This may sound fairly innocuous given the experience now, but news sites, like most sites on the Internet, have dozens of integrated third-party services. A web site created by a coalition of industry groups showed exactly what the result would have been. Internet use would have become extremely tedious, as the the single most important benefit of these sites, usability, was thrown out. In its place would be substituted a slurry of opt-in popups, as each element on the page asked for permission before they were able to load.
Even though this particular Dutch interpretation never came to be, the opt-in system of cookies we have all come to learn about still presents a cost to the user that should not be overlooked.
As Nicklas Lundblad and Betsy Masiello point out in a paper appropriately titled “Opt-In Dystopias,”
Unlike opt-out, an opt-in policy requires that a user make two decisions: first, a user must decide if it is worth the time to evaluate the decision to opt-in; and, second, a user must then make the actual evaluation of whether the service is valuable enough to justify the opt-in. This dual cost structure is absent from the opt-out model, and has the effect of imposing a cost on the initial recognition of a great opportunity or service...
This means that many users who would otherwise have benefited from using services that collect information may be deterred simply by a subjective feeling or inability to evaluate the initial costs of the offer as it stands.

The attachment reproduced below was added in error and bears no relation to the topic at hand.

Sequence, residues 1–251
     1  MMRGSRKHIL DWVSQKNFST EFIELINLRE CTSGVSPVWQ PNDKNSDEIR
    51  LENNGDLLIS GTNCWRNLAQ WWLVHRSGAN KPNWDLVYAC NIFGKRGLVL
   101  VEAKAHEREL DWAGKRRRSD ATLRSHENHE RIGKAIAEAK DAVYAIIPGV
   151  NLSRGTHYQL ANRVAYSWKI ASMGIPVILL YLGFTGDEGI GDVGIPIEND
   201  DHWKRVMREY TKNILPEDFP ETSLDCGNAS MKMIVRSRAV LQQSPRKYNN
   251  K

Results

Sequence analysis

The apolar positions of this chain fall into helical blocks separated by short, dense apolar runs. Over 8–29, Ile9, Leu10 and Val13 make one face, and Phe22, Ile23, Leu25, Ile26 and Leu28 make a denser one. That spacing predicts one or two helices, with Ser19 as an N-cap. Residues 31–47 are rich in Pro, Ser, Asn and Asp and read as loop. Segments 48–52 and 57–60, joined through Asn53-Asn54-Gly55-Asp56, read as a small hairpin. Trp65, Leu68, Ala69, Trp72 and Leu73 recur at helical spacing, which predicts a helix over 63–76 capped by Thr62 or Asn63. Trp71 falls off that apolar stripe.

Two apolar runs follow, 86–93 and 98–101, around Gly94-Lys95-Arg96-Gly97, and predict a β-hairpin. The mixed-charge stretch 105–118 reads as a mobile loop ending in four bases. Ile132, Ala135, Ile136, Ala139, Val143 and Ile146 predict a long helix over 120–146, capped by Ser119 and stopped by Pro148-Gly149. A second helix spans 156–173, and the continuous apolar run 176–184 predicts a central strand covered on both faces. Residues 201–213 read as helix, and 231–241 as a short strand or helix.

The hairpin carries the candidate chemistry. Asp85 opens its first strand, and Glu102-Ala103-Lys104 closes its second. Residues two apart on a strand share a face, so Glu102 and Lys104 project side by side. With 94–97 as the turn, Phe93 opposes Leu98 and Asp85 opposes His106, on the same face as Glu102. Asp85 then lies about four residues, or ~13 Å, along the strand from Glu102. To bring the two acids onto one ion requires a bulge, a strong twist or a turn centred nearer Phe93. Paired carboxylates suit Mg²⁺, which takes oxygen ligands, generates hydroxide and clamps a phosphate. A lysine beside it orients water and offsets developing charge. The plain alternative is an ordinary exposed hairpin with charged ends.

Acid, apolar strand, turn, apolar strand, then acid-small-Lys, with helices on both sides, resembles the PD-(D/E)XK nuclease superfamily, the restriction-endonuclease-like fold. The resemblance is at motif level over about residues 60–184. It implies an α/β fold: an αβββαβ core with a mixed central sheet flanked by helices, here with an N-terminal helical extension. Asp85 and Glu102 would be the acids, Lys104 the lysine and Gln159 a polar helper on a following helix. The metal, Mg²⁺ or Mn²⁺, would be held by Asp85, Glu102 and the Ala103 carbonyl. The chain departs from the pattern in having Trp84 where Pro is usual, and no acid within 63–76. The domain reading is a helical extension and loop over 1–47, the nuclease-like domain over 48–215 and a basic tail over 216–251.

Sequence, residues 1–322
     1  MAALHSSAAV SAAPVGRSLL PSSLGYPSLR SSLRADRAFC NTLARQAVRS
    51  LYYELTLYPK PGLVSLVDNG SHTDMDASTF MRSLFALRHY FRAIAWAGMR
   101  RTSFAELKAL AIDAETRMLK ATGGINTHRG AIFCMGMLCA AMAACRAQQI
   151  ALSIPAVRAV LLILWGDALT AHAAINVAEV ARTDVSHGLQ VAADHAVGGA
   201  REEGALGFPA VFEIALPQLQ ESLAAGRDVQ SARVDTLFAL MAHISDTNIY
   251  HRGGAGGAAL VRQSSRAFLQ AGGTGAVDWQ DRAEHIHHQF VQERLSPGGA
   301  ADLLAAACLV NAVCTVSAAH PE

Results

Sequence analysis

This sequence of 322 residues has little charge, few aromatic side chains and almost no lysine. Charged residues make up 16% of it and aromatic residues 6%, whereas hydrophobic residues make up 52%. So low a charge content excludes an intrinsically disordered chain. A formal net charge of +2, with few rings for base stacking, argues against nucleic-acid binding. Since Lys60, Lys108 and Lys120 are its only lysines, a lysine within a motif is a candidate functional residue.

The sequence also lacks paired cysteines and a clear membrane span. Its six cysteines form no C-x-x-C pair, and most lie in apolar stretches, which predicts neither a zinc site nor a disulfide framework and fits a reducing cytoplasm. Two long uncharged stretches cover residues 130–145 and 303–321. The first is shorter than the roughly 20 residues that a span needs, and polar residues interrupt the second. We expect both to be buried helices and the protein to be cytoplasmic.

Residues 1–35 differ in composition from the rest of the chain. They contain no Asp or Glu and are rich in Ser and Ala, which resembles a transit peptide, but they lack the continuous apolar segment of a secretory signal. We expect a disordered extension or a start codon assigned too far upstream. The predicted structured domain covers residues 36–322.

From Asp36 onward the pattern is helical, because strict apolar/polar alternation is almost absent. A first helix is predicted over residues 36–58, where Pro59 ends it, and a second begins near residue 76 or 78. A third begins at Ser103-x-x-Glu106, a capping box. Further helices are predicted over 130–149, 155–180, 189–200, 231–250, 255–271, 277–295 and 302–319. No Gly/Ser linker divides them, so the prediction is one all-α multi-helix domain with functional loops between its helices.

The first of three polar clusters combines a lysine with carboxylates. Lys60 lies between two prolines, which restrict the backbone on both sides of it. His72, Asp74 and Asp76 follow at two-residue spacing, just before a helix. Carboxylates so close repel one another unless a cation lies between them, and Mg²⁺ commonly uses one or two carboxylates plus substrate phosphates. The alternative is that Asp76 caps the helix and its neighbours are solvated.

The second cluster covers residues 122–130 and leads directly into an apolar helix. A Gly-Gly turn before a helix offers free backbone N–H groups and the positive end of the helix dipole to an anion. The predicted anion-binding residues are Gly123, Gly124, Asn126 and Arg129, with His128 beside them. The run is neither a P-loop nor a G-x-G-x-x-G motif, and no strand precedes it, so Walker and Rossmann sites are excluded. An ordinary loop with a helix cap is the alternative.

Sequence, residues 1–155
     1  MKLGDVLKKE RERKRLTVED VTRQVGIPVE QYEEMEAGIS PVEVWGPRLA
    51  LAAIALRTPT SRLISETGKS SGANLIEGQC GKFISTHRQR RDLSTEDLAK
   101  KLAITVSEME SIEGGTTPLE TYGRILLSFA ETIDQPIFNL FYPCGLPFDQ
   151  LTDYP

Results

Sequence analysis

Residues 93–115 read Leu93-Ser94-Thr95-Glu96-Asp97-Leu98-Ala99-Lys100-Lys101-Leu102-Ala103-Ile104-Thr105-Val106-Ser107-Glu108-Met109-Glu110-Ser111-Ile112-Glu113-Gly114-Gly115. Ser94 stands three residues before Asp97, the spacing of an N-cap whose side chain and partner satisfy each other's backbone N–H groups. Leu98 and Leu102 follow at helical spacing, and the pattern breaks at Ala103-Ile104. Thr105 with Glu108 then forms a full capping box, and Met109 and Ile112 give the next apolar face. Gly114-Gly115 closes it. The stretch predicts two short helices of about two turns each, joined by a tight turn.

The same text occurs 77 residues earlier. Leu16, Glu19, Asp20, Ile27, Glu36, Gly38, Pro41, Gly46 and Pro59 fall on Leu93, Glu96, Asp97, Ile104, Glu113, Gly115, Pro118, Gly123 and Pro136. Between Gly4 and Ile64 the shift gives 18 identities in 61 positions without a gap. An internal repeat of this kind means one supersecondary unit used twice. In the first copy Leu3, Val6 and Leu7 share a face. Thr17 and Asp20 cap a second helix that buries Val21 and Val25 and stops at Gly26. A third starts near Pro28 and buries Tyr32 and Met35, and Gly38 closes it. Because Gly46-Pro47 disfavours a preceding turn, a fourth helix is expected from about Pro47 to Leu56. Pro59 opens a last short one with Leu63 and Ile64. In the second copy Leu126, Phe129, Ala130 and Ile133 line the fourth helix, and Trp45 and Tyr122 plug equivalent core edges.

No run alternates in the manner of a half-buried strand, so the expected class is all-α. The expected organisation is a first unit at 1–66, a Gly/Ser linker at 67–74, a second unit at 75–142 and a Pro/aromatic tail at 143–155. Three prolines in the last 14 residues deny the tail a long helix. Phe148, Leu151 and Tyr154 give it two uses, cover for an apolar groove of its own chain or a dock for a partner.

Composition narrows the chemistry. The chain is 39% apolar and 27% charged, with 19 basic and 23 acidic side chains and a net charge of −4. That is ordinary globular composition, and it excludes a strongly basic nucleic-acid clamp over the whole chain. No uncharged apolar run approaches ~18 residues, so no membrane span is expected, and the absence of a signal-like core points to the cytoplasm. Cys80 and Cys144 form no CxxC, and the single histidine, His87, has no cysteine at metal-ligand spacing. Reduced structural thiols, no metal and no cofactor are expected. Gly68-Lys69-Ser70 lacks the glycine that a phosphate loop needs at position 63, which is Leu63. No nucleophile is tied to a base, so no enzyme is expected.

The cookie law has caused confusion, and it is not clear exactly the positive effect it is having on privacy. Compliance is becoming more widespread, but the cost it is having on commerce is still an open question. Though comprehensive studies have yet to be conducted, early estimates of the cost of the rule change placed it in the range of £10 billion.
As for enforcement, the Information Commissioner’s Office is rightly holding back on fines. As Oliver Emberton, the Managing Director of Silktide, said, “I think it's clear at this point they've no appetite for the law they've been asked to enforce.” One wonders if this is an implicit admission that the law is a bit burdensome.
And as my colleague Berin Szoka commented, we cannot dismiss the tradeoffs taken when we enact legislation:
Attempting to control one of the primary variables of price, quantity, or quality inevitably results in non-optimal adjustments in the other two variables. The absence of price as a variable in the context of “free” (i.e., ad supported) content and services means there is one less variable for the government to control in the first place. Simply stated, stifling the evolution of the online advertising marketplace will likely result in fewer free online services and less content, less high-quality online services and content, or some combination of both.
There are no easy answers here in balancing innovation with the data protection, but as the discussion of the data protection directive begins in earnest later this year, it will be important that Britons and Europeans keep a watchful eye on developments and carefully consider what is risky and what is mere speculation. As the exhibit in Dublin articulated, it is imperative that we understand our own world by asking those tough questions: “How do emotions, scenarios, or media skew our assessment of the odds?”
Ensuring that the most egregious laws don’t hamstring innovation on the net is important to the medium’s progress. Readers of this site, who understand the importance of varied viewpoints, should especially appreciate that.